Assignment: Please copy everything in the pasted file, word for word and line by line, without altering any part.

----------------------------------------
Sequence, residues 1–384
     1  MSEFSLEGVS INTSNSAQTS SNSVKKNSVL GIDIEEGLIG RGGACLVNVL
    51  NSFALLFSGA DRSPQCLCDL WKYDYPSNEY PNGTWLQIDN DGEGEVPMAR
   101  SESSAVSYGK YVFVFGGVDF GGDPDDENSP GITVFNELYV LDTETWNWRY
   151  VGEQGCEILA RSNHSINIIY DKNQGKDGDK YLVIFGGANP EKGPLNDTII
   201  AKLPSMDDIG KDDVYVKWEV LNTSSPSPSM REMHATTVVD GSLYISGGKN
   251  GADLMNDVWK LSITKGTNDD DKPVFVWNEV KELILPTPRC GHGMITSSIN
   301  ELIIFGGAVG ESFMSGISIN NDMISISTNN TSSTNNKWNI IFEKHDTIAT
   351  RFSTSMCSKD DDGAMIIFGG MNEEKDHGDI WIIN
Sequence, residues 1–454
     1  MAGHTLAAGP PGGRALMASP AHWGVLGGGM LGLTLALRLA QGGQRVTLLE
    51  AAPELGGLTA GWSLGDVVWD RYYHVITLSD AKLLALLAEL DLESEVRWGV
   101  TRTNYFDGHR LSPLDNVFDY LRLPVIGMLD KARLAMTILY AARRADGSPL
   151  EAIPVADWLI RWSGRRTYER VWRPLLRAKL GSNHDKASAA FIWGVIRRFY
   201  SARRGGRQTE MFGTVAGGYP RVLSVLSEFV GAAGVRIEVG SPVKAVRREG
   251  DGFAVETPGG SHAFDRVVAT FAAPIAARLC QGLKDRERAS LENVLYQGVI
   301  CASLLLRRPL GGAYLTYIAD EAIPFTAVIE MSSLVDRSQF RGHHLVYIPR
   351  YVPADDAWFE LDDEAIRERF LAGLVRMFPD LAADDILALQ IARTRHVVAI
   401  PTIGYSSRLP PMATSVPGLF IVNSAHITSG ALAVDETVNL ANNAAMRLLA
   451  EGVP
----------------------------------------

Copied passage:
Sequence, residues 1–384
     1  MSEFSLEGVS INTSNSAQTS SNSVKKNSVL GIDIEEGLIG RGGACLVNVL
    51  NSFALLFSGA DRSPQCLCDL WKYDYPSNEY PNGTWLQIDN DGEGEVPMAR
   101  SESSAVSYGK YVFVFGGVDF GGDPDDENSP GITVFNELYV LDTETWNWRY
   151  VGEQGCEILA RSNHSINIIY DKNQGKDGDK YLVIFGGANP EKGPLNDTII
   201  AKLPSMDDIG KDDVYVKWEV LNTSSPSPSM REMHATTVVD GSLYISGGKN
   251  GADLMNDVWK LSITKGTNDD DKPVFVWNEV KELILPTPRC GHGMITSSIN
   301  ELIIFGGAVG ESFMSGISIN NDMISISTNN TSSTNNKWNI IFEKHDTIAT
   351  RFSTSMCSKD DDGAMIIFGG MNEEKDHGDI WIIN
Sequence, residues 1–454
     1  MAGHTLAAGP PGGRALMASP AHWGVLGGGM LGLTLALRLA QGGQRVTLLE
    51  AAPELGGLTA GWSLGDVVWD RYYHVITLSD AKLLALLAEL DLESEVRWGV
   101  TRTNYFDGHR LSPLDNVFDY LRLPVIGMLD KARLAMTILY AARRADGSPL
   151  EAIPVADWLI RWSGRRTYER VWRPLLRAKL GSNHDKASAA FIWGVIRRFY
   201  SARRGGRQTE MFGTVAGGYP RVLSVLSEFV GAAGVRIEVG SPVKAVRREG
   251  DGFAVETPGG SHAFDRVVAT FAAPIAARLC QGLKDRERAS LENVLYQGVI
   301  CASLLLRRPL GGAYLTYIAD EAIPFTAVIE MSSLVDRSQF RGHHLVYIPR
   351  YVPADDAWFE LDDEAIRERF LAGLVRMFPD LAADDILALQ IARTRHVVAI
   401  PTIGYSSRLP PMATSVPGLF IVNSAHITSG ALAVDETVNL ANNAAMRLLA
   451  EGVP